Cross-generational and age-oriented digital game-based learning from childhood to older adulthood.

Editors: Margarida Romero (Université Laval, Canada, margarida.romero@fse.ulaval.ca), Kimberly Sawchuk (Concordia University, Canada, kim.sawchuk@sympatico.ca), Josep Blat (Universitat Pompeu Fabra, Spain, josep.blat@upf.edu), Sergio Sayago (Universitat de Lleida, Spain, sergio.sayago@diei.udl.cat), Hubert Ouellet (Université Laval, Canada, hubert.ouellet.1@ulaval.ca).

Subject of the book
Whatever their age, 21st century citizens are invited, and at times pressured, from childhood to later adulthood, to engage in lifelong learning in an attempt to adapt to the rapid evolution of knowledge and digital technologies.. Lifelong learning could be perceived as a constraint of the knowledge society by younger and older adults, especially for those having suffered from negative learning experiences in their past (Hanson, Bruskiewitz & DeMuth, 2007). Overcoming the traditional dichotomy between learning and play, Game Based Learning (GBL) aims to engage actively the learner in playful learning experiences. This book examines the potential of GBL to enhance learning across the lifespan. Central to this approach is play, which is widely accepted as a ‘natural’ way for children to learn. However, play in adulthood could be perceived as a pastime or as a waste of productive time (Okojie, 2011), which requires a further examination of the perceptions of games and play across the lifespan in order to answer the question “What does it mean to play games at different moments of the lifespan?”. The proliferation of digital games, including the diversity of game universes, narratives, mechanics and devices, is growing among younger and older adults. Games, and game play, are a compelling activity that may provide a series of self-administered, level-based challenges, which demand self-regulation by the player. Games seem to provide a nearly perfect form of escapism. Through a game interface, players take a break from reality and exert a level of control in an environment of relative, risk-free failure. Many digital games are designed with a ludic intention offering a positive end-user experience. Their design can be repurposed as a means to implement a lifelong learning challenge unique to this period in history. This book, which is comprised of a collection of case studies, aims to highlight the opportunities and challenges of digital games across the lifespan, with a focus on age-related needs or interests that should be considered for game design, development and implementation.

The book draws upon an interdisciplinary approach which covers Game Studies, Computer Sciences, Human-Computer Interaction and Social Sciences.

Overall Objectives of the Book
The book aims to provide a both an overview and expansion of the current state of the art of Digital Game Based Learning (DGBL) across the lifespan. This includes a consideration of age-specific game design requirements to the technological devices which address the hurdles faced by children and older adults in the use of DGBL technologies. In addition to a consideration of the state of the art DGBL and the methodologies provided for the age-specific game design, development, implementation and assessment, a significant portion of the book will also focus on case studies where DGBL have been designed and implemented in each of the age groups and in cross-generational situations.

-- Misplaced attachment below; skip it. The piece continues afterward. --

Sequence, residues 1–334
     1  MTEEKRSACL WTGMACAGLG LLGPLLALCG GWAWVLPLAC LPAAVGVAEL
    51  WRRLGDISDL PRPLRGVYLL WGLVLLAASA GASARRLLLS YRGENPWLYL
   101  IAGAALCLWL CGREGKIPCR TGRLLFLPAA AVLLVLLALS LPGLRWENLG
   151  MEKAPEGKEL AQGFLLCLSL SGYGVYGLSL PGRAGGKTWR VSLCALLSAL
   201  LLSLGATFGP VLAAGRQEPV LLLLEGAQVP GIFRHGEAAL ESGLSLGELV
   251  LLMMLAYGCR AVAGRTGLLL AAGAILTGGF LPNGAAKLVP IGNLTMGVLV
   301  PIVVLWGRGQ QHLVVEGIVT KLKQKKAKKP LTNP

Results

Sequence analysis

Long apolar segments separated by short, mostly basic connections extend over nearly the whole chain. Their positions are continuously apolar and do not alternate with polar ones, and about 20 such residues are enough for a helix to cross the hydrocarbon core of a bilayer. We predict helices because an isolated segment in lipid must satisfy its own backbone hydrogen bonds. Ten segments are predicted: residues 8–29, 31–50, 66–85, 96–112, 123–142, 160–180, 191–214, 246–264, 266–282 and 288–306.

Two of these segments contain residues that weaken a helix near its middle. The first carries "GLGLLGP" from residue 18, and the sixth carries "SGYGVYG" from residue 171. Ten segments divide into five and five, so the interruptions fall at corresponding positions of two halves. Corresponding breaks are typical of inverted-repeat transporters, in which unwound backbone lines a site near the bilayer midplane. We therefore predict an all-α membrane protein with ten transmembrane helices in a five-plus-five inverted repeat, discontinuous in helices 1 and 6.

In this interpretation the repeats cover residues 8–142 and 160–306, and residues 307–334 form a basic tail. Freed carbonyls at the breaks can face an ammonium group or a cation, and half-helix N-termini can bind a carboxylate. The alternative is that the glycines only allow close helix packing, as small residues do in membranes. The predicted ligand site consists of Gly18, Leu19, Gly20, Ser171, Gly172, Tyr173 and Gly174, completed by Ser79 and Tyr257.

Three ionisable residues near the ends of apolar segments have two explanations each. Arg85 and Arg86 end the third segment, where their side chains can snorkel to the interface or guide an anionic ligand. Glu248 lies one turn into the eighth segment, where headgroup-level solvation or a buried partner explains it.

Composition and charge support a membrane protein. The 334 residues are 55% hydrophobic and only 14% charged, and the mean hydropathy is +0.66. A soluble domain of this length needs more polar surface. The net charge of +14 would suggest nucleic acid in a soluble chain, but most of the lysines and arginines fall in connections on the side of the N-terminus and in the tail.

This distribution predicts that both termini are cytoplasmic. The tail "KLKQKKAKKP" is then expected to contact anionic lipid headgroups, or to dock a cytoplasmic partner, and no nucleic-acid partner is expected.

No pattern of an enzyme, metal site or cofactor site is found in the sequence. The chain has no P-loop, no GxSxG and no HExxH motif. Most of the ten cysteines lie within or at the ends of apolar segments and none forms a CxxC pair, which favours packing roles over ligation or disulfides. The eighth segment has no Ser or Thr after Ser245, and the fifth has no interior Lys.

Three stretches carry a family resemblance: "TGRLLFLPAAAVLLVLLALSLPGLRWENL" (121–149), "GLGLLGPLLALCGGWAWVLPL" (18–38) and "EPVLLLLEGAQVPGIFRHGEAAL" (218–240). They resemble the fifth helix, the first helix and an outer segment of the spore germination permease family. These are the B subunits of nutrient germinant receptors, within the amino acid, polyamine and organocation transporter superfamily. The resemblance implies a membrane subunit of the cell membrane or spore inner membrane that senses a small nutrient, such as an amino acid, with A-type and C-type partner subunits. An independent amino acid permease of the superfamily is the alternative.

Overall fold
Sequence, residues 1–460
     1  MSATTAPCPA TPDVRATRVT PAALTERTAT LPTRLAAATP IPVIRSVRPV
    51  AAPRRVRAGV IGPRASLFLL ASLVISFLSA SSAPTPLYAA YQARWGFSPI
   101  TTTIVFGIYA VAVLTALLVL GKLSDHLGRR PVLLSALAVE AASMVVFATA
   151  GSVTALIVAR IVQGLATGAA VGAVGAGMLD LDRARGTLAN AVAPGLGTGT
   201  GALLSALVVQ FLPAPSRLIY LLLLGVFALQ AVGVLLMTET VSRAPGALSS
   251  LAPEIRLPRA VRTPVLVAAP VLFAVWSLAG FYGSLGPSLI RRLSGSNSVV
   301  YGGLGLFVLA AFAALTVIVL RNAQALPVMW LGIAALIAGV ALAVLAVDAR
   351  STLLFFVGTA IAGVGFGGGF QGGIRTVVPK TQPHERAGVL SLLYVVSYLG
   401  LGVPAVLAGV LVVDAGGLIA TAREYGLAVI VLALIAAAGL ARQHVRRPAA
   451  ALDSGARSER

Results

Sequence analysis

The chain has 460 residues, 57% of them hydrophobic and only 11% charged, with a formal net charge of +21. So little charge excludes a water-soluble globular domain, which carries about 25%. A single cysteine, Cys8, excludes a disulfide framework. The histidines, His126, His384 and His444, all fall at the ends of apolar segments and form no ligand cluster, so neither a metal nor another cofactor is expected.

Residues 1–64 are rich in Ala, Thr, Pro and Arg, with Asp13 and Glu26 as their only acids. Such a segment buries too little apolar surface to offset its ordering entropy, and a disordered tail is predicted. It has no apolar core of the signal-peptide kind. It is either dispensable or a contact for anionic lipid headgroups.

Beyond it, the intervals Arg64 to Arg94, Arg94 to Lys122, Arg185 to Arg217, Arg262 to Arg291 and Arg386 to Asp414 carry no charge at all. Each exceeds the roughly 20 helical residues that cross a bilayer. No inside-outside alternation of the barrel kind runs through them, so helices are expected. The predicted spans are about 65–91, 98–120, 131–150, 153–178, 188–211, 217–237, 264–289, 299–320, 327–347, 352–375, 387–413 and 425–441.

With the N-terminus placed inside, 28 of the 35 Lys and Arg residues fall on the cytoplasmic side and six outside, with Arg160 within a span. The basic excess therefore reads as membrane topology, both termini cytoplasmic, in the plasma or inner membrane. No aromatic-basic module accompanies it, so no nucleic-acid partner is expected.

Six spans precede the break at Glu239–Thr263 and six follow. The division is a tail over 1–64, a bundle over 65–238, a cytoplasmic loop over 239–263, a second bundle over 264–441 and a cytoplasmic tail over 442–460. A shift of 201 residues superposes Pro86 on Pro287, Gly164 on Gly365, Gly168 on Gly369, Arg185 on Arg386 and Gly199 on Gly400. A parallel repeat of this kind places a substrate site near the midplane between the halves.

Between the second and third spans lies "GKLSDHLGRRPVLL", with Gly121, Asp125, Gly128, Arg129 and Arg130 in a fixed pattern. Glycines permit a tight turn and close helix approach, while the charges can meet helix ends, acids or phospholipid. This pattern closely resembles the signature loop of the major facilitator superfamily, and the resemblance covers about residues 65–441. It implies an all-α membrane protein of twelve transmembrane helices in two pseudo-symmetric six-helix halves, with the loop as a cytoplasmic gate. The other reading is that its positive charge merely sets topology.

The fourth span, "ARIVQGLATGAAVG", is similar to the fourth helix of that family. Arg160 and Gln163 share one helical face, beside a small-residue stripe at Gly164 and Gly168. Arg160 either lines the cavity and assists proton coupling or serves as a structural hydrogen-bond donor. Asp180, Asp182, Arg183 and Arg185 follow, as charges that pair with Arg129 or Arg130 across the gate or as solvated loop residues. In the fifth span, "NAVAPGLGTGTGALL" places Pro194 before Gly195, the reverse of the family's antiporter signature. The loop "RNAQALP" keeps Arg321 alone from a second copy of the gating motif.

Structure of the Book
Game Based Learning along the Lifespan is structured into four sections.
The first section introduces the age-related needs for DGBL including a design and evaluation methodology for lifelong learning DGBL.
The second section focuses on the case studies of each of the ages-groups.
The third section introduces the cross-generational case studies.
The last section discusses the implications for each of the DGBL actors (game designers, game developers, instructional designers, lifelong learners) and the future outlook for age-related and cross-generational DGBL.

Topics
Position chapters are welcome, as are reports of both on-going and concluded in-field research.
Recommended topics include, but are not limited to, the following:
Intergenerational game-based learning
Digital game-based learning from childhood to older adulthood
Digital game activities in later life
Game co-creation with older adults
Exergames and games for health across the lifespan
Serious games for social challenges
DGBL across the lifespan implications for game designers and developers

Submission Procedure
Researchers and practitioners are invited to submit a 2-page (around 1000-1200 words) chapter proposal clearly explaining the mission and concerns of their proposed chapter by November 5, 2015. Chapter proposals can be send to margarida.romero@fse.ulaval.ca and sergio.sayago@diei.udl.cat.
Author’s notifications will be sent by November 21, 2015, together with chapter guidelines.
Full chapters are expected to be submitted by February 12, 2016.
All submitted chapters will be peer-reviewed on a double-blind review basis. Contributors may also be asked to serve as reviewers for this project.

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About the author

Mark Rice is a research scientist in the Department of Visual Computing, Institute for Infocomm Research, Singapore. Previously, I was employed at the University of Dundee (UK) where I graduated with a doctorate degree in Applied Computing in 2009. In 2002 I started my research career by joining the Interactive Technologies Research Group at the University of Brighton (UK), and in 2005 completed a research placement at the Advanced Telecommunication Research Institute (Japan). I predominately work within the areas of visual computing, human-computer interaction and software engineering. Research interests are broad and include gerontechnology and serious gaming.

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